Of Iranian heritage, Babalmorad comes by his ability to talk — and more importantly to listen — naturally. His father worked for an American oil company prior to the Iranian revolution in the 1970s and was sent to study engineering in the US. While here, the revolution broke out back home, so his father and mother decided to stay and raise a family. “At that time, my parents saw more opportunity in the US than in their home country,” says Babalmorad, a first generation American and Colorado native. Read More
After attaining his bachelor of biomedical sciences from Western Michigan, Ross Osgood took some time off to figure out what he really wanted to do.
“I was kind of on a pre-med track,” says Osgood.
“I bounced around between med school, dental and PA programs – not really feeling like any of them were the right fit.” So, he shadowed dentists and worked in a nursing home, but still was unconvinced that any of those allied health care careers were right for him. “But when I started doing research, it just clicked.”
During the year between undergrad and grad school, he missed the deadline to sign up for dental school, so he joined Americorps instead. Read More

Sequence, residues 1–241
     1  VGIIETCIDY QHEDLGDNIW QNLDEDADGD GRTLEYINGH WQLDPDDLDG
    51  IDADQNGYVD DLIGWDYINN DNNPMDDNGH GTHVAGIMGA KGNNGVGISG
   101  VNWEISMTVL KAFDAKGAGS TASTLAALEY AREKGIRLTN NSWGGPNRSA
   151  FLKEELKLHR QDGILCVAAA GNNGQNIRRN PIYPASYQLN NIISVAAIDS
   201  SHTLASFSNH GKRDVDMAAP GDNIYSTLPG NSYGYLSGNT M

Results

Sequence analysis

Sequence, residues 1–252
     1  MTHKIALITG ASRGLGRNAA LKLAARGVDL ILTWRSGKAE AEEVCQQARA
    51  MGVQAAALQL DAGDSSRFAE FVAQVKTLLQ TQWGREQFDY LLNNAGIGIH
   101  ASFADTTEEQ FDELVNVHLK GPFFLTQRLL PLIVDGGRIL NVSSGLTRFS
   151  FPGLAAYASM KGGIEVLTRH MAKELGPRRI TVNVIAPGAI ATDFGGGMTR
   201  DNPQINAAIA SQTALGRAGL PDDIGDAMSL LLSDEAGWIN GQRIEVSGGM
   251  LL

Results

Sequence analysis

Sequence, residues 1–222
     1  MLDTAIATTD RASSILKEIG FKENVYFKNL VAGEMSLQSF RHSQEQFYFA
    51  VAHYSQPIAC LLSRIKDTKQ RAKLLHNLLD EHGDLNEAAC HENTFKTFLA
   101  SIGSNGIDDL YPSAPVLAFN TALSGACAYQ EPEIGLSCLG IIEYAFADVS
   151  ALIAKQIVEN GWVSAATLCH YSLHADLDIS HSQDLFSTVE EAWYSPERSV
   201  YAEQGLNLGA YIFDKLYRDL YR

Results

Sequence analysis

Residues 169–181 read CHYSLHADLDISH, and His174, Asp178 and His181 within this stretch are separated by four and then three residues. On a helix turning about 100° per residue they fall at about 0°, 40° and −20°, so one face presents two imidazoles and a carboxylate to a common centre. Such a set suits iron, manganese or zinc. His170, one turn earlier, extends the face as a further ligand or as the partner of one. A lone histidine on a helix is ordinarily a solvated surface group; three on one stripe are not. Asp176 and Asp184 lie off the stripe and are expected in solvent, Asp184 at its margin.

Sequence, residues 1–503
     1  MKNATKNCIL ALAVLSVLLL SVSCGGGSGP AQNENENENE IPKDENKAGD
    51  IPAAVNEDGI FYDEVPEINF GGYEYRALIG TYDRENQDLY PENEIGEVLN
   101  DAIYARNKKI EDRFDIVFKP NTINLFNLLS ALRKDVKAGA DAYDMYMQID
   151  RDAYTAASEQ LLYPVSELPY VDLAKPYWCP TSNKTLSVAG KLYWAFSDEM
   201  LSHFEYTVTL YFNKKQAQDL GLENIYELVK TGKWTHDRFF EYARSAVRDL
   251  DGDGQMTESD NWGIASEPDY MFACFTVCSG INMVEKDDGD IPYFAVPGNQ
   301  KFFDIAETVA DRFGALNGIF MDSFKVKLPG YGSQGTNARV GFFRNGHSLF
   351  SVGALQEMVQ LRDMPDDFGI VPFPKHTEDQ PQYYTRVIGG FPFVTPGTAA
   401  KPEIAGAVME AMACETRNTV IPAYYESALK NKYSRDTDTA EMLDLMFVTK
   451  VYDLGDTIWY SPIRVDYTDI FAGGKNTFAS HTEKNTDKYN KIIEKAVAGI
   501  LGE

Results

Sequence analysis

Whitney Pittman’s career path seems pre-ordained.
When she was 10 years old, a classmate and friend was diagnosed with a brain tumor. At age 15, her friend died. “It was the first time I had ever heard the word cancer and that really left an imprint on me,” says Pittman.
“Since high school I knew I wanted a career in health care, specifically pediatric oncology,” says Pittman. Read More
Today, the University of Colorado Anschutz celebrated graduating its 10,000th student in the health and health care disciplines since relocating to its present campus in 2009. And, brothers Jonathan and Jefferey Chheuy, who graduated from CU Skaggs School of Pharmacy and Pharmaceutical Sciences were two of them.
Born just 13 months apart, the Chheuy brothers are very close, and that’s a good thing since the two have been confused with each other their entire lives. Read More